Tech: Devastating photos show Hurricane Michael's damage in Mexico Beach, Florida, where the storm made landfall

Rescue personnel perform a search in the aftermath of Hurricane Michael in Mexico Beach, Florida, on October 11, 2018.

Homes in Mexico Beach, Florida were destroyed and submerged in water after Hurricane Michael made landfall there on Wednesday afternoon. Florida Gov. Rick Scott said damage was "way worse than anybody ever anticipated." Here's what the Mexico Beach area looks like.

Hurricane Michael made landfall near the Florida town of Mexico Beach on Wednesday afternoon. The storm brought winds up to 155 mph, and flooding of over 7 feet was recorded in some areas.

The combination of those devastating conditions left homes in Mexico Beach destroyed and submerged in water. Florida Gov. Rick Scott said damage along the state's coast from Mexico Beach to Panama City was "way worse than anybody ever anticipated," according to Reuters.

Based on its extremely low central pressure — a key measurement of a hurricane's intensity — Michael was the third-strongest hurricane in US history. Two people were reported dead due to the storm as of Thursday morning: A man in Florida was killed when a tree fell on top of his house, and an 11-year-old child was killed in Georgia when debris fell on a home.

CNN published an aerial video showing the hurricane's damage to homes in Mexico Beach, which Federal Emergency Management Agency head Brock Long called "ground zero" for the storm.

The following photos show how severe the destruction in Mexico Beach is.

In Hurricane Michael's wake on Thursday, search-and-rescue teams fanned out across the Florida Panhandle to reach trapped people.

Here, firefighter Austin Schlarb performs a door-to-door search in Mexico Beach.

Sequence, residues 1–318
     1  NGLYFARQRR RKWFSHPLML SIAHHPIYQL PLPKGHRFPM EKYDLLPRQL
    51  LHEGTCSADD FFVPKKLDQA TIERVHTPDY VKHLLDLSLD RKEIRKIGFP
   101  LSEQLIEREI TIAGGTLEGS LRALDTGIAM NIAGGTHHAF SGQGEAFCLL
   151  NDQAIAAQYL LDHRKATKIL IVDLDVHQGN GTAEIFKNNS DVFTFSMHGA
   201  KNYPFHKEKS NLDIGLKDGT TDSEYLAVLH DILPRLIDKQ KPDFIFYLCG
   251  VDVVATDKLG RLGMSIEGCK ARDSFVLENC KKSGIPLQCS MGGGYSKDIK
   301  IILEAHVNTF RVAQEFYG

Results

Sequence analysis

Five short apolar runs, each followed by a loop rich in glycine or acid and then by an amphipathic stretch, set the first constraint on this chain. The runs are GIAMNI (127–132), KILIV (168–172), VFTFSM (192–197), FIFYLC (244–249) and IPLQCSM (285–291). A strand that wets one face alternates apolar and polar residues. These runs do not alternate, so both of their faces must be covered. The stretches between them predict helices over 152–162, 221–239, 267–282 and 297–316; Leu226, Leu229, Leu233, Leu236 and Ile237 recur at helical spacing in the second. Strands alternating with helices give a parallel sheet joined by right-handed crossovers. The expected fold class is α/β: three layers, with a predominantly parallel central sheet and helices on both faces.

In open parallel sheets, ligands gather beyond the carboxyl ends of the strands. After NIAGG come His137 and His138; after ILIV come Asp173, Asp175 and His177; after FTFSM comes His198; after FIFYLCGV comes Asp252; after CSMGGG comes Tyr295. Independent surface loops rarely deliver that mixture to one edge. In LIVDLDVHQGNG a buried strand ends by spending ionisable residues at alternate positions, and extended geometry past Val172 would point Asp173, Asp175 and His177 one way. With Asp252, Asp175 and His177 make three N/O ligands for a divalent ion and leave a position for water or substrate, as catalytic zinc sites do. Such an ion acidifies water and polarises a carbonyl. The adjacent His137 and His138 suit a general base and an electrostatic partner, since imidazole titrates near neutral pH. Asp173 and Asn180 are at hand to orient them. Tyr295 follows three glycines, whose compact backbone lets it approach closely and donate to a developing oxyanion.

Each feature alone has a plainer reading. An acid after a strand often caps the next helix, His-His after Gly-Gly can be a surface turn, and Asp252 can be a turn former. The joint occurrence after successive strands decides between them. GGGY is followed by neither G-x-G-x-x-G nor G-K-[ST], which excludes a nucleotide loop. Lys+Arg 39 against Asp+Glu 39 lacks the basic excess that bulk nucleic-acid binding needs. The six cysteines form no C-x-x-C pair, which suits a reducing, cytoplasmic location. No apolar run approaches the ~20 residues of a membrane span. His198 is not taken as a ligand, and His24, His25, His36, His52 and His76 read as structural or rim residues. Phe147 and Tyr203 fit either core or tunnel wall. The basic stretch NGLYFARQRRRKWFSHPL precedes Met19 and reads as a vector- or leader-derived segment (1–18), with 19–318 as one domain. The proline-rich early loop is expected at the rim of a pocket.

According to the Red Cross, as many as 320,000 people did not evacuate despite official orders and dire warnings.

Although some people chose to remain in their homes, others were unable to get out in time for financial reasons or due to disability or illness.

The storm intensified rapidly — it grew from a tropical depression into a Category 4 hurricane in just 72 hours, which gave residents little time to make plans.

Local news station WKRG reported that about 280 of Mexico Beach's 1,000 residents did not evacuate, according to city administrator Tanya Castor. Their fate is still unknown.

Mishelle McPherson searched for a friend in the rubble of her home in Mexico Beach, since the friend did not leave before Michael hit.

Resident Tony Feller is one of the residents who stayed in Mexico Beach.

The damage near the shore was shocking. The view shown here was captured on video by SevereStudios, a storm-chasing streaming platform.

Here, a small boat sits amid debris in Mexico Beach.

By Thursday morning, Michael had weakened to a tropical storm as it moved toward central Georgia. But the wake of destruction it left behind will make for a long and difficult recovery.

At least 479,000 customers were left without power in Florida, Georgia, and Alabama as of 6 p.m. ET on Wednesday, according to the US Energy Information Administration.

Michael's core is expected to move off the mid-Atlantic coast late Thursday or early Friday. Forecasters say strong winds are still possible in parts of northeastern North Carolina, southeastern Virginia, and the Delmarva Peninsula (which is divided between Maryland, Virginia, and Delaware).

Source: Pluse ng

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